Tales from the Trail

Is Rick Santorum’s favorite Marxist quote for real?

By James Ledbetter
The views expressed are his own.

Which is stranger: the idea that on the campaign trail GOP presidential longshot Rick Santorum cites favorably a quotation from a quasi-Marxist social critic? Or that the quotation itself might be spurious?

For years, Rick Santorum has said that one of his favorite sayings is: “We all get up every day and tell ourselves lies so we can live.” He attributes it to the iconoclastic historian and social critic Christopher Lasch, best known as the author of The Culture of Narcissism, a hugely popular jeremiad against modern American capitalism published in 1979.

Santorum likes the quote enough to cite it in a variety of contexts. In 2004, he used it during a Senate debate to explain his opposition to same-sex marriage. In a Washington Post article this week, he appeared to use it to explain how he carries on a demanding, uphill campaign when he has a young daughter with a life-threatening disease whom he rarely gets to see.

The Santorum-Lasch nexis is odd  for at least two reasons. One is that Santorum typically positions himself as a pro-life, family-values conservative. By contrast, while it’s hard to quickly summarize Lasch’s views, he came out of the Marxist-influenced left and retained a strong distaste for American conservatism even as his own later views on some subjects–notably family, abortion, and various aspects of the women’s movement–alienated many former allies.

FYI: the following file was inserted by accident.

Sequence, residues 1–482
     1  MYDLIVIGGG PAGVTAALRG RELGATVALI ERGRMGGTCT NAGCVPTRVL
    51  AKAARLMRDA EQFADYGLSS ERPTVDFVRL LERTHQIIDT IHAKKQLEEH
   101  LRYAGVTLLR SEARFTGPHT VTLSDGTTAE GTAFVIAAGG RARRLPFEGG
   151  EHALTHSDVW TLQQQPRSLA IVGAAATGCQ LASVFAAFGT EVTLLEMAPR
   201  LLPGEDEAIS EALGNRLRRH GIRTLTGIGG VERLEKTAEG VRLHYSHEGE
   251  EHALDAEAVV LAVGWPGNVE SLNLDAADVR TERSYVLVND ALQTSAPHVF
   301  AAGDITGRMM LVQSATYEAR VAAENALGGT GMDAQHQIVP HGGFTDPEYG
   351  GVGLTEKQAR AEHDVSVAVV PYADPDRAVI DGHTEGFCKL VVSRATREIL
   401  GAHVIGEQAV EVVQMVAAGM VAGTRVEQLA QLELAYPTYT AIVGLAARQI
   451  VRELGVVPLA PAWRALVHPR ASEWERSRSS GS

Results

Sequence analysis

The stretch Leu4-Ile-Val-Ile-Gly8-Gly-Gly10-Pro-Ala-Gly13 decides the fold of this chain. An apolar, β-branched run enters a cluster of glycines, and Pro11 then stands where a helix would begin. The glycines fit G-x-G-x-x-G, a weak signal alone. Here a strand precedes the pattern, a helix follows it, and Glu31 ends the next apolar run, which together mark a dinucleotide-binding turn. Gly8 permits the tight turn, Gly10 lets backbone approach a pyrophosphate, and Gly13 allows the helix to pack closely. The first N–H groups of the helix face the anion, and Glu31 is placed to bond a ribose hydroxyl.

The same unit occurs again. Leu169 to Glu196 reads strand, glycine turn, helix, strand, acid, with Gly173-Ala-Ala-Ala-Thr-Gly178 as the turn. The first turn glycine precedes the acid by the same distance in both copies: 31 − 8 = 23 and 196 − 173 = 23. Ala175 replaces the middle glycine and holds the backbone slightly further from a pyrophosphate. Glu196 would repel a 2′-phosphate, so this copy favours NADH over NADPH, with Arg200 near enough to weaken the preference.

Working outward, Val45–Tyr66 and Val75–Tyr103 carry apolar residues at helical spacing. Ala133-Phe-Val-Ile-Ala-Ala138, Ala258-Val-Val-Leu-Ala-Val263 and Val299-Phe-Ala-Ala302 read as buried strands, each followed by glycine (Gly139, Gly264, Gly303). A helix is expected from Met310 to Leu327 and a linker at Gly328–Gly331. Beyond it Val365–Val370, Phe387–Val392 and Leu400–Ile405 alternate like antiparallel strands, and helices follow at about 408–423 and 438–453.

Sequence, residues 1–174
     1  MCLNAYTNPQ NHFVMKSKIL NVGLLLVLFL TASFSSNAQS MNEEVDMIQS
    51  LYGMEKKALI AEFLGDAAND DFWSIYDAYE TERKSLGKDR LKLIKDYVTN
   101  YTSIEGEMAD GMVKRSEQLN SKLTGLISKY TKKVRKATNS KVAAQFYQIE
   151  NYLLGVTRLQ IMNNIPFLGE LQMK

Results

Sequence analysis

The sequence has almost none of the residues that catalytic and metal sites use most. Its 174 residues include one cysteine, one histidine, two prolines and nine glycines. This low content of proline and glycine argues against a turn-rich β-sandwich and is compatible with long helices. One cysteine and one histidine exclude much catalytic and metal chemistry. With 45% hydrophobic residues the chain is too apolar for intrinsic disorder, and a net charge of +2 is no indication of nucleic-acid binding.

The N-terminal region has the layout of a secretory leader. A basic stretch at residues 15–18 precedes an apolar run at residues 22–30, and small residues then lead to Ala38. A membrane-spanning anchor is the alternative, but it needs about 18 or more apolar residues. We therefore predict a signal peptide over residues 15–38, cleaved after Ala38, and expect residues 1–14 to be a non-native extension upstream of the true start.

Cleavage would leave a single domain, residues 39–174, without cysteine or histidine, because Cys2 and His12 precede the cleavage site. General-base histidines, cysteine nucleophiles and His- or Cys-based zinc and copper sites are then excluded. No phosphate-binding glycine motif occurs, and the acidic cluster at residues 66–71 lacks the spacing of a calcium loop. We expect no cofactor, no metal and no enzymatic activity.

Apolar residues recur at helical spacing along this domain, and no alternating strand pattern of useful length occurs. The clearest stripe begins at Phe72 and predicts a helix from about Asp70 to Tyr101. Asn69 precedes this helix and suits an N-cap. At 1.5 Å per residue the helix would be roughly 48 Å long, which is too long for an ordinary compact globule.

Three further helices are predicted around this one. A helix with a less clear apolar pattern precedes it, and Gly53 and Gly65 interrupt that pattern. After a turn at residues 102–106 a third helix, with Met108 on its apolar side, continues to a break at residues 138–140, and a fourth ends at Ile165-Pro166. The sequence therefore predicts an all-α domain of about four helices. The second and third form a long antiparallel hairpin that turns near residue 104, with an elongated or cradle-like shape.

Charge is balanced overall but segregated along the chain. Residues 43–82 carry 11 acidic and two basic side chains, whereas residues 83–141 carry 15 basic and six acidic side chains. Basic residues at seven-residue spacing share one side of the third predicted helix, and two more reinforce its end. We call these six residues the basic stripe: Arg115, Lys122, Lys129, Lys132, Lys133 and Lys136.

But more importantly, there is no easily available proof that Lasch said what Santorum attributes to him. A Google search for the specific quote shows a handful of references, but mainly from Santorum himself, and none with a specific citation to any Lasch book, article, or interview.  Popular online quotation aggregators, such as BrainyQuote, offer dozens of better-known Lasch observations–e.g., “Conservatives unwittingly side with the social forces that contribute to the destruction of traditional values”–but not Santorum’s favorite. My colleague Paul Smalera suggests that it sounds more like the first line of Joan Didion’s book The White Album: “We tell ourselves stories in order to live.”

Sen. Kennedy’s notable speeches


The death of Sen. Edward Kennedy prompted Politico to compile a list of some of his best and most notable speeches.

Here is a selection, with video found on YouTube:

1968 Robert Kennedy eulogy:

1980 concession speech at the Democratic National Convention:

1987 Robert Bork Supreme Court confirmation hearing:

2008 Endorsing Barack Obama:

2008 Democratic Convention